Last-gen options are worse. The RTX 3080, which should retail for $700, starts at around $900 despite it being more than two years old. Lower down the stack, Nvidia’s prices are better. The RTX 3060 Ti is about $50 over list price, as is the RTX 3060, and the RTX 3070 Ti is $100 over list price. It’s important to remember the age of these cards, though. They’re last-gen, and they should be selling for less than list price at this point.

Nvidia RTX 3060 Ti Founders Edition on a pink background.
Jacob Roach / Digital Trends

These prices are a situation unique to Nvidia, and AMD’s GPUs provide a lot of context for where GPU prices should be. AMD’s RX 6950 XT debuted at $1,100, but you can find models in stock for around $800 now. Nvidia’s competing RTX 3090 Ti is available in a refurbished capacity for about $1,200. That’s a decent cut below that card’s list price of $2,000, but it’s also the same price that Nvidia announced back in August 2022.

Similarly, AMD’s RX 6650 XT is anywhere from $50 to $100 below list price, and the RX 6750 XT (which competes with Nvidia’s RTX 3070 Ti) is up to $150 below list price. The only outlier here is the RX 6800 XT, which like the RTX 3080 is selling for much above list price (about $200 above list price for AMD and Nvidia).

AMD RX 6950 XT installed in a PC.
Jacob Roach / Digital Trends

In August, when Nvidia said it had “excess inventory” of RTX 30-series GPUs, the writing was already on the walls. Nvidia’s pricing is so much more expensive this generation compared to the previous one. The RTX 4080 is $500 more than the card it’s replacing, and the rumored RTX 4070 Ti could be similarly more than last-gen’s RTX 3070 Ti. With much higher prices, Nvidia doesn’t have to compete with its last-gen offerings, and they can continue to sell at or above list price.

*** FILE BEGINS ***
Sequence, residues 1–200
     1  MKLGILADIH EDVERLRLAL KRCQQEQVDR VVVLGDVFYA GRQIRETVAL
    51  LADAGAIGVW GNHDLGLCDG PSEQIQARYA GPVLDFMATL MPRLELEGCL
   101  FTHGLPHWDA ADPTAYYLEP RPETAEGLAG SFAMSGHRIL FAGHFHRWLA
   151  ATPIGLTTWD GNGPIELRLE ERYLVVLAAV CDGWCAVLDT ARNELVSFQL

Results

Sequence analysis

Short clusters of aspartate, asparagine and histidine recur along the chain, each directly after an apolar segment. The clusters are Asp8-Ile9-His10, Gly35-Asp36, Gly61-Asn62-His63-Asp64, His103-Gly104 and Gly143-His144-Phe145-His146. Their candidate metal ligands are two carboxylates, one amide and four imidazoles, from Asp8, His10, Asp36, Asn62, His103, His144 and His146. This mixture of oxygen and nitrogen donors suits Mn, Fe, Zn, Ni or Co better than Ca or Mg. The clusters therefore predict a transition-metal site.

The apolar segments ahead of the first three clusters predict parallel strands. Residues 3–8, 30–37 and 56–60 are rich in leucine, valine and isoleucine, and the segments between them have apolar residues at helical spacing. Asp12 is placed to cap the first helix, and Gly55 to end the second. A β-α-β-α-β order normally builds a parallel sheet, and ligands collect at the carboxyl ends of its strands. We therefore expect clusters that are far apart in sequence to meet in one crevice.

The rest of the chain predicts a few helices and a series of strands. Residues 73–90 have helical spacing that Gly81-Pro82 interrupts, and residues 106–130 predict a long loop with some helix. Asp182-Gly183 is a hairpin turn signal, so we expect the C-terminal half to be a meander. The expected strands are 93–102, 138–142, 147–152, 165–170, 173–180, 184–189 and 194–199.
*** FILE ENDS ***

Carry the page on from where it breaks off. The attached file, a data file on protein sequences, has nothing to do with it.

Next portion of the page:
Compare that to what AMD is doing. The RX 7900 XTX and RX 7900 XT occupy the space that last-gen’s flagships did, forcing prices down. Let’s not be naïve here, though. Although it’s true that AMD’s steadfast pricing is lowering the cost of last-gen options, Nvidia holds nearly 90% of the desktop GPU market. AMD needs lower prices to stay competitive. Nvidia doesn’t.

GPU outlook for 2023

AMD;s RX 7900 XTX sitting with the die.
Image used with permission by copyright holder

I’m hopeful that we’ll see a big drop in GPU prices throughout 2023, and for two reasons. The first is the RTX 4080. Customers have voted with their wallets and clearly showed that the pricing of that card is unacceptable, and I don’t imagine Nvidia will continue to release cards with similar markups if they continue to see poor sales.

The second reason is that we’re past the flagship phase. Throughout 2023, AMD and Nvidia will release the GPUs lower in their product stacks, and that’s when we’ll start to see current-gen and last-gen GPU prices really competing. AMD has already put some pressure on Nvidia with its RX 7900 XTX going up against the RTX 4080, as well. In the $300-$500 price bracket, a similarly competitive GPU from AMD would force Nvidia’s hand.

Still, there’s no doubt that AMD and Nvidia want to keep GPU prices as high as possible. That’s why they’re in the GPU business. Although I’ve praised the RX 7900 XTX here for its competitive pricing against the RTX 4080, it’s important to remember that AMD’s RX 7900 XT is also far more expensive than it should be. If AMD had a grip on the GPU market like Nvidia has, we’d likely see similarly high prices from Team Red.

The real competition is in the midrange where a $50 or $100 difference is all it takes to sway a buying decision. 2023 should bring these midrange cards, and that’s hopefully when the high GPU prices we see now will start to fade. We’re out of the GPU shortage, after all.

This article is part of ReSpec – an ongoing biweekly column that includes discussions, advice, and in-depth reporting on the tech behind PC gaming.

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Jacob Roach
Senior Staff Writer, Computing
Jacob Roach is a writer covering computing and gaming at Digital Trends. After realizing Crysis wouldn't run on a laptop, he…